Here's is how you can do it.

135 grs of fairtrade dark chocolate

- 150 ml of double cream
- 3 eggs + 2 more egg withes
- 1/2 teaspoon of vanilla extract
-3 tablespoons of caster sugar (fairtrade of course)
- 1/2 teaspoon of cinnamon (for the African twist)
- Icing sugar for decoration


1) Warm up the oven to 220 degrees

2) Butter the ramekins and coat them with sugar. (Ramekins are basically small dishes that can go in the oven.)

3) Break up the chocolate and put it in a non-stick (a heavy pan if you have one) with the cream on a low heat. Stir with a wooden spoon, until it all melts and is combined together.

4) Take it off the heat and add the 3 egg yolks and the vanilla and cinnamon. 

5) On a clean and dry bowl, with clean and dry beaters, beat the eggs until stiff. Add the sugar slowly as you do.

6) Take 1/4 of the the egg whites and pour it on the chocolate. With a metal spoon, fold them in, just to loosen the chocolate mix.

7) Add the loosened chocolate to the rest of the egg whites, and fold, until it's all combined but still fluffy. DON'T stir... and don't over work it or you will lose all the air bubbles.

8) Quickly pour into the ramekins (almost the the top) and put into the oven, for 7 minutes. 

9) Take out from the oven, quickly dust with powdered sugar and serve.

Tadaaa... Pass the spoons and see the jaws drop. Enjoy.

The verdict

Well, once you know the tricks I mentioned above, it really is a very easy dessert to make, and one that has the potential to cause a bit of drama and high impact. It was really very tasty, although next time I will add a bit more chocolate of try a higher percentage cocoa, and forget the cinnamon, since it just got lost in there.

It's also important not to be tempted to leave it in the over for any longer than the 7 minutes, or you might get a squeaky, quiche like dessert instead of the light and fluffy almost gooey one.

Will I make it again? definitely, my daughter will see to it that I do!

Thursday, 21 November 2013

Brief note about cocoa

Well, it is only today that I have the chance to sit down and talk about this week's challenge, and as I did last week, and intend to do so going forward, I'd like to start with a brief note about the chosen ingredient: fairtrade dark chocolate.

Cocoa is one of the commodities that has enjoyed most success in the fairtrade market in the UK, and it's really no surprise since I was reading that we have the highest amount of retail chocolate and are one of the biggest chocolate consumption countries per capita (I'm sure doing my bit there!).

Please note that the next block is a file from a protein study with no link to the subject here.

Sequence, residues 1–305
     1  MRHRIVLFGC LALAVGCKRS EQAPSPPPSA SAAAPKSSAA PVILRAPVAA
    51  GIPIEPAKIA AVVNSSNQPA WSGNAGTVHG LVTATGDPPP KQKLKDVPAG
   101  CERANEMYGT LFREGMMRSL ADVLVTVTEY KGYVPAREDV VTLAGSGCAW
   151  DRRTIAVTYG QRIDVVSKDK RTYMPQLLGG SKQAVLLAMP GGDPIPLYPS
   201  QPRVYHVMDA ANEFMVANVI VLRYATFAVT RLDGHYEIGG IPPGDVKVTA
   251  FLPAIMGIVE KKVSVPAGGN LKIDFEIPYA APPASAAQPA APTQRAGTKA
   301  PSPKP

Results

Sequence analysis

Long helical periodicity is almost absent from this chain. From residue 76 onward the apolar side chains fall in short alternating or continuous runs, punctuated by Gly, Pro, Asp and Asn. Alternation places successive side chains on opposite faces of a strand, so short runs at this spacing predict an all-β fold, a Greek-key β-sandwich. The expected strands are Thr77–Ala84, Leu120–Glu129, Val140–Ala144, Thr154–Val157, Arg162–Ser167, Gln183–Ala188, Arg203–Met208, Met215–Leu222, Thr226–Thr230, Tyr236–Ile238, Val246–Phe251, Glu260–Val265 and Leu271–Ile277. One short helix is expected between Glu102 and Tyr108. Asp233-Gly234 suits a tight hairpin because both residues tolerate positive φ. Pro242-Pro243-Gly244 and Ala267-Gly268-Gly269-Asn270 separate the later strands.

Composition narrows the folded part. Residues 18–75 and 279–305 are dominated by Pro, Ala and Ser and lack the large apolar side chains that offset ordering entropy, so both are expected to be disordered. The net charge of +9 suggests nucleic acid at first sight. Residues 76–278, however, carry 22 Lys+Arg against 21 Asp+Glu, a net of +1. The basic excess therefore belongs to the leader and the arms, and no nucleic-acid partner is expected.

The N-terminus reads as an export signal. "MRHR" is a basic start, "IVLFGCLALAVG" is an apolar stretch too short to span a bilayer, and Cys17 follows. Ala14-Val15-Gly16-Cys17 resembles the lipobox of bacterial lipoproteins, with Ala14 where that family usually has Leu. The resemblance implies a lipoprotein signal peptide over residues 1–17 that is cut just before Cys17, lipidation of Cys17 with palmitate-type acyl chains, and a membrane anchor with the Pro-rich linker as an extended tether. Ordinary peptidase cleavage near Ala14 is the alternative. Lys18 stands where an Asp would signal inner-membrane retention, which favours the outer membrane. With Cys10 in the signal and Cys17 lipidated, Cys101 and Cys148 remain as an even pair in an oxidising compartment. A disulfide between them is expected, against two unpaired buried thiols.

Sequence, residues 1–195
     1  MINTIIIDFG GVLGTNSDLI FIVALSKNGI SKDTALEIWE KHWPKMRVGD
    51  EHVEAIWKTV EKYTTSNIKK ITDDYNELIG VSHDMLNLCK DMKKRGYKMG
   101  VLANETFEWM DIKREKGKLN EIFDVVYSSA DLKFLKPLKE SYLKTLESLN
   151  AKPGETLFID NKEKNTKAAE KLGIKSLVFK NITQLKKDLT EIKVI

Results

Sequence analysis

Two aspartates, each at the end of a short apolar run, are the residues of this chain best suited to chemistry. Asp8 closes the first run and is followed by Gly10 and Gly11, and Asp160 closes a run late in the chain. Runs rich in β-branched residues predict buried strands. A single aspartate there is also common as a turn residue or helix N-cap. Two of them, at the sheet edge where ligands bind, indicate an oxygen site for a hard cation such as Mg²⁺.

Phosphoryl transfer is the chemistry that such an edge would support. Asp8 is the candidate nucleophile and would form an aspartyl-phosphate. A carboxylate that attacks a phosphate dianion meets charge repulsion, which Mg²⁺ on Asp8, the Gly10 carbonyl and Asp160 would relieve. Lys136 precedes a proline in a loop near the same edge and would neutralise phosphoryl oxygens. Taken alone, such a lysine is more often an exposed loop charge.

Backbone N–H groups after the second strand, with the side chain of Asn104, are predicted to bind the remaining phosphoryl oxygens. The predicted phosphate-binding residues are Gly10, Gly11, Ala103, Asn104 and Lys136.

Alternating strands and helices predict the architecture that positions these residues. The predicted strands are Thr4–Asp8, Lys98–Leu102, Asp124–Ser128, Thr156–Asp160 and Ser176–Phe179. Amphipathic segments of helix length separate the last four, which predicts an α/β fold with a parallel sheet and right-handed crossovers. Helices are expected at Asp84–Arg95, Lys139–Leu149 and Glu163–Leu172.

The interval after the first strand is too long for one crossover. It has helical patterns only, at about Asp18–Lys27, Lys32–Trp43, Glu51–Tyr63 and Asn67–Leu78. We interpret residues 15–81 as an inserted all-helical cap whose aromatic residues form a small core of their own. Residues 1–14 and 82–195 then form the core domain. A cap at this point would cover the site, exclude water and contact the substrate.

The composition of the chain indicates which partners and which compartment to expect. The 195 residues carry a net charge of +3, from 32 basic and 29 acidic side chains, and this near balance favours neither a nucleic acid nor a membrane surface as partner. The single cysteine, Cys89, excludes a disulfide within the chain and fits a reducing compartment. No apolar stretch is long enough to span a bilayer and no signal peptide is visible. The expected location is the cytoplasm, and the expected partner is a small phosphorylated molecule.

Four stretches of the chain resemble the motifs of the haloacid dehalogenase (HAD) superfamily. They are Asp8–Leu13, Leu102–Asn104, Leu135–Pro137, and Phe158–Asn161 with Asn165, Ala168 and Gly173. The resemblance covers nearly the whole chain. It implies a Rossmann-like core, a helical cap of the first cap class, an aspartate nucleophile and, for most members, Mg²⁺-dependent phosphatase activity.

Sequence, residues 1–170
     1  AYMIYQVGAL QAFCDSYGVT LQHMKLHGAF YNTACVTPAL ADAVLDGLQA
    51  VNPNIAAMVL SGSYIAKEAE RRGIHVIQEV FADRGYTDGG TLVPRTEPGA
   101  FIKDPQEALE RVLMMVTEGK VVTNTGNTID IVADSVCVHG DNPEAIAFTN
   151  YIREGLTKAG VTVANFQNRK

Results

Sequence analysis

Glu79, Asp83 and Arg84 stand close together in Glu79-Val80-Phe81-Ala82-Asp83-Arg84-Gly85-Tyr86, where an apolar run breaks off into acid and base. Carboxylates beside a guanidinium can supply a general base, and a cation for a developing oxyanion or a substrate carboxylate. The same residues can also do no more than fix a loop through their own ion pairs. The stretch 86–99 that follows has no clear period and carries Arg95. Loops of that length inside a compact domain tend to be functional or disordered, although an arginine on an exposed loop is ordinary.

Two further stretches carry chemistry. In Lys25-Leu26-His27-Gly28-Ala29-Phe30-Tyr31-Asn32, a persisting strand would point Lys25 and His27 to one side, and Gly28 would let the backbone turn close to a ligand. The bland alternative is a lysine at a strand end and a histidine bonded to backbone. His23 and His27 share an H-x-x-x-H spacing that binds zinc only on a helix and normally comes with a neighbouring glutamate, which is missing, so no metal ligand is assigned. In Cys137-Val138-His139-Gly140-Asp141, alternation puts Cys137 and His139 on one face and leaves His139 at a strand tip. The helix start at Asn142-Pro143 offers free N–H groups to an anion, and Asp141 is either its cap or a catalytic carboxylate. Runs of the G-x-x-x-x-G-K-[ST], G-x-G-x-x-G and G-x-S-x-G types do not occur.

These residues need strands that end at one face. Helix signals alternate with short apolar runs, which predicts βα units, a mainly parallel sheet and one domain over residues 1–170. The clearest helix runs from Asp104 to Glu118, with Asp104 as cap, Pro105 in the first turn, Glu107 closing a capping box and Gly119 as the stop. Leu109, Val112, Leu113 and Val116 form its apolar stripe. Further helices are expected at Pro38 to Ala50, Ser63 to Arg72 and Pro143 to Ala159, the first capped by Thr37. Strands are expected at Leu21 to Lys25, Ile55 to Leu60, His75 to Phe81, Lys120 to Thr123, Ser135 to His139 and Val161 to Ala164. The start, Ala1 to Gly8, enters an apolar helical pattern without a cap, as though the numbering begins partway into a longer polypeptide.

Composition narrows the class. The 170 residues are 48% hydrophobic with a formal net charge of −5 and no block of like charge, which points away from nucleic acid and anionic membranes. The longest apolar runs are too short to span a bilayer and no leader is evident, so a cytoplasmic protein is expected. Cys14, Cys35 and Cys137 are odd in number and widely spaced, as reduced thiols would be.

There is a strong fairtrade chocolate brand called Divine (also set up by Twin) which has excellent products and a very appealing brand image, and which I'm sure I will use in future, but you can also find many fairtrade varieties of supermarket own brand products, and even giants such as Cadburys and  Kit Kat have now converted to fairtrade in recent years... in what we have been calling the 'mainstreaming of fairtrade', which again can give rise to much debate on whether is a good or a bad thing, with many alleging that it's just big bad brands jumping in the bandwagon for the marketing value, and diluting the principles that the label represents, but to me, as long as it offers better price and volumes to more producers and it helps consumers to find their well loved brands with the fairtrade mark...It can only be a good thing.

But back to cocoa. One of the things that I learnt about it when I worked with producers, is that its origin is really very important in relation to its taste and that even though that cocoa tree itself seems to have been native to the foothills of the Andes, most of its worldwide production nowadays comes from West Africa. The African cocoa certainly tastes very different to the Latin American varieties and the Europeans seem to favour the taste of the African beans, which is why even though many Latin American coffee producers would like to diversify into cocoa production (which makes sense for many agricultural reasons) they can often struggle to find European buyers for their cocoa's taste profile.